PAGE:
These are the phones LG plans to update to Android 12 and Android 13

LG Wing
LG Wing (Image credit: Alex Dobie / Android Central)

What you need to know

  • LG provides a list of smartphones that will receive Android 11, 12, and 13.
  • The list includes devices like the LG Wing, Velvet, and V50 models.
  • The LG V60 is curiously absent from the list of smartphones for Android 12 and 13.

Since announcing its departure from the smartphone industry, there have been questions regarding support for LG's current smartphones, and understandably so. LG is not known to have the greatest track record for providing timely (if at all) updates for its smartphones. The company previously stated that it would support certain devices up to three years after their release, but that still left questions about which devices would be supported. Now, we have a better idea of which LG smartphones will continue to receive updates to Android 12 and Android 13.

PhoneArena spotted a page on LG's Korean site that provides a list of devices that it expects to update to the next major versions of Android. The list includes expected devices like the LG Wing and both LTE and 5G versions of the LG Velvet, each of which will be supported until Android 13. The LG G8 also makes an appearance and is expected to receive Android 12, which is good news for anyone that has decided to stick with LG's curious air-motion experiment.

There's the list of smartphones to receive the upcoming versions of Android, including the current Android 11:

Android 11

  • LG Wing
  • LG Velvet (LTE/5G)
  • LG V50S
  • LG V50
  • LG G8
  • LG Q31
  • LG Q51
  • LG Q52
  • LG Q61
  • LG Q70
  • LG Q92
  • LG Q9 One

Android 12

  • LG Wing
  • LG Velvet (LTE/5G)
  • LG V50S
  • LG V50
  • LG G8
  • LG Q31
  • LG Q52
  • LG Q92

Android 13

  • LG Wing
  • LG Velvet (LTE/5G)

Curiously, the LG V60 ThinQ 5G doesn't seem to be among the smartphones listed, even though it was released in 2020 just before the Velvet. The device has already begun to receive the Android 11 update in the U.S., but it's unlikely that support will stop there for one of the best LG phones in recent years. It's important to keep in mind that this list is for Korean models, and LG has stated that support will vary upon the region. Still, it's good to have some idea of how long LG fans can hold onto their smartphones before deciding where to go next.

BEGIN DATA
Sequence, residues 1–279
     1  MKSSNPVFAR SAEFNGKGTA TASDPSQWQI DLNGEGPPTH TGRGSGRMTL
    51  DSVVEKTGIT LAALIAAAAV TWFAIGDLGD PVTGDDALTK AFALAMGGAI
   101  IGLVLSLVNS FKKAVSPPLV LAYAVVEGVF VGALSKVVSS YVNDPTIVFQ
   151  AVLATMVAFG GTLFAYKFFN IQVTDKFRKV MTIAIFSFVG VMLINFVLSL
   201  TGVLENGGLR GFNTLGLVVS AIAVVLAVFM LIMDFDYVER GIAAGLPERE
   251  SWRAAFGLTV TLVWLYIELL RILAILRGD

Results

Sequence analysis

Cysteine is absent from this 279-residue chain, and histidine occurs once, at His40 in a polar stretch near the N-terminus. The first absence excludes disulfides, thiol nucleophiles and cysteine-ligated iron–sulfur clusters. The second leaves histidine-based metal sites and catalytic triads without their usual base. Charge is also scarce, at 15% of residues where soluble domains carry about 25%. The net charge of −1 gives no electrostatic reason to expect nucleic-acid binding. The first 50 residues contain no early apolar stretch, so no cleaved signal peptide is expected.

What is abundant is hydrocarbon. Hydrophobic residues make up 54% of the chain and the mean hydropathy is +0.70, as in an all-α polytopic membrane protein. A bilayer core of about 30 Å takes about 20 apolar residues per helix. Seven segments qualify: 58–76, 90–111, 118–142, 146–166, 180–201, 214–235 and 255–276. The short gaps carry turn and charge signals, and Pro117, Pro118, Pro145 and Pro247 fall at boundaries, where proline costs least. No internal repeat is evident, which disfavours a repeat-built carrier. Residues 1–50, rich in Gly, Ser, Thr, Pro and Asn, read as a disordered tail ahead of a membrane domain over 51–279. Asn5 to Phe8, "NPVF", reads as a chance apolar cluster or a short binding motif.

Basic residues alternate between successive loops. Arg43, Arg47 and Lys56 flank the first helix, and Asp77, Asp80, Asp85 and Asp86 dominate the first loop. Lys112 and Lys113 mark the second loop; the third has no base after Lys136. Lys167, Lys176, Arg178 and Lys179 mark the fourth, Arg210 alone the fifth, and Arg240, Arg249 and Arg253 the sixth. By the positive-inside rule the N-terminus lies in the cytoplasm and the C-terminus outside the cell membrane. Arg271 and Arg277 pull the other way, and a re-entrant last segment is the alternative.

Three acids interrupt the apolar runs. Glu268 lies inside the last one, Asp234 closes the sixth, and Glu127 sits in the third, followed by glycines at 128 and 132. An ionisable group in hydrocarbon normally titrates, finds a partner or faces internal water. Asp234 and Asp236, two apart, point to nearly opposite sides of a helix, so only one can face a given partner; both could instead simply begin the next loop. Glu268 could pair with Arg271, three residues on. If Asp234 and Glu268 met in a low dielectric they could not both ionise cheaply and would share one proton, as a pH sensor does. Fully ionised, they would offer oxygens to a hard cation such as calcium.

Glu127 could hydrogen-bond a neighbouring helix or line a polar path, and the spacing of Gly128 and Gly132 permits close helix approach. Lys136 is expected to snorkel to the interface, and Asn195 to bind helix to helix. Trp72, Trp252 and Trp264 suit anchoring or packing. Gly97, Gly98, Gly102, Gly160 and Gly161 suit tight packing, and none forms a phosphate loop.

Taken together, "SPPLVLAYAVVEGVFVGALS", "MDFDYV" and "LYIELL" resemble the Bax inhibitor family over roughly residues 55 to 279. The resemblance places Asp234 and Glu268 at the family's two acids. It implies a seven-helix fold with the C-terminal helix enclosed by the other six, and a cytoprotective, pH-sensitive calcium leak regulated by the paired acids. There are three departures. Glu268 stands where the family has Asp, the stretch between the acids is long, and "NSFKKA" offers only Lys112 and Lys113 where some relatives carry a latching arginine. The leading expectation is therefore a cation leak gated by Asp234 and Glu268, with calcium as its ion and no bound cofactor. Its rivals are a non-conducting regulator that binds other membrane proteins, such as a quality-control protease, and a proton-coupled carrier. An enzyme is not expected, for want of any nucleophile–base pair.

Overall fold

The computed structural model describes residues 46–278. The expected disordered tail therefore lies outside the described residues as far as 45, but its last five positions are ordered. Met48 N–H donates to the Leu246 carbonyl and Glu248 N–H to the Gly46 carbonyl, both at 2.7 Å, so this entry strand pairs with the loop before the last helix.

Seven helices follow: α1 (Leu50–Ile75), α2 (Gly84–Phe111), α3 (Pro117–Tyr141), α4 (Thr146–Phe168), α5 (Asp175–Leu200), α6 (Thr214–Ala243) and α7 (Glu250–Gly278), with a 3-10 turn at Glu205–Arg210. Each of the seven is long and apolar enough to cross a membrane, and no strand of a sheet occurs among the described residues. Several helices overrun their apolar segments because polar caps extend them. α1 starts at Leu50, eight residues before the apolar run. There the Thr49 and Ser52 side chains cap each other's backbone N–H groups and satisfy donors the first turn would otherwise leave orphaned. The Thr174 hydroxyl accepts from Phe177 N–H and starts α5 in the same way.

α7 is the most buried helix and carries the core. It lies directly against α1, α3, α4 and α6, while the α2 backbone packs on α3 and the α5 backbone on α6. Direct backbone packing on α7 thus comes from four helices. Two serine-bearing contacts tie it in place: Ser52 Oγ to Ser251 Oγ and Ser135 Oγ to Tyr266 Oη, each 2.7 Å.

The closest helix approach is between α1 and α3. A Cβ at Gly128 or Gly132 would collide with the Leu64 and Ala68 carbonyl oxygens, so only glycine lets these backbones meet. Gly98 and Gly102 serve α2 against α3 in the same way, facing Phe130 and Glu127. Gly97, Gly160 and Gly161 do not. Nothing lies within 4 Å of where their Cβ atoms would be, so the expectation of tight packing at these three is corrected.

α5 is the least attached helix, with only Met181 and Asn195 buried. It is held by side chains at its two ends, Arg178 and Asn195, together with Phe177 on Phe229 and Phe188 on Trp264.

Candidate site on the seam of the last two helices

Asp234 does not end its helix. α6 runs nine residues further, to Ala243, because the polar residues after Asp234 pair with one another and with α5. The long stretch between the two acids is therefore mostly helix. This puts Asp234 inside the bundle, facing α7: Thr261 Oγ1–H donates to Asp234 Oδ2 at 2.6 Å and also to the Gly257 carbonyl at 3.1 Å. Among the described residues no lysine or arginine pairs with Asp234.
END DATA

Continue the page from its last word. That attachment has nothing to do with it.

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Derrek Lee
News Editor

Derrek is a long-time Nokia and LG fanboy who loves astronomy, videography, and sci-fi movies. When he's not working, he's most likely working out or smoldering at the camera.

  • LG G8 listes but what about G8S and G8X ?
  • That sucks that the V60 isn't included.
  • Well my son just got Android 11 a week or so ago on his Tmobile this list is already wrong.
  • Ars Technica Qualcomm promises three years of Android updates for its entire SoC lineup
    Ron Amadeo 12/16/2020 6:40 pm Categories:Tech
    View non-AMP version at The Snapdragon 888, sitting on the world's biggest ARM motherboard.
    Google and Qualcomm are teaming up to enable a longer support window for flagship Android smartphones. Qualcomm, with Google's help, will now support its chipsets for three years of major OS updates and four years of security updates, enabling a better-than-Pixel level for all future Android phones, provided your OEM is willing to cooperate. This policy is starting with the flagship Snapdragon 888, but even lower-end chips will be supported. Qualcomm PR tells us "the plan is to roll this out to all Snapdragon chipsets, including lower-tier ones, but starting with the new Snapdragon 888 platform." Part of the challenge of Android updates is the continuous chain of software custody that has to be maintained across several companies, from the Android repository to your phone. Google and Qualcomm now say they are willing to pass the update baton to OEMs for three major updates and four years of security updates, but OEMs will actually need to update their Android skins and ship working builds to each of their devices. If they don't, we at least know who to blame now. Qualcomm's and Google's blog posts both contain the same phrasing, that they will "support 4 Android OS versions and 4 years of security updates." Read that quote closely and you'll spot two different units of measurement happening there, which some people have misinterpreted. While there are four years of security updates, the two companies are counting the initial release of Android in their quote of "4 Android OS versions," so it's three years of major Android updates, not four years. We double-checked with Qualcomm and got back "Qualcomm will support the launch version + 3 OS upgrades, for a total of 4 major Android OS versions. Snapdragon 888 will support Android 11, 12, 13, and 14." This is the same update plan Pixels have gotten and what Samsung has promised, but with one more year of security updates. Keep in mind, Qualcomm is also bringing this level of support to low-end devices, so while this is only a baby step for flagship phones, lower-end phones could see greatly increased support windows. Treble trouble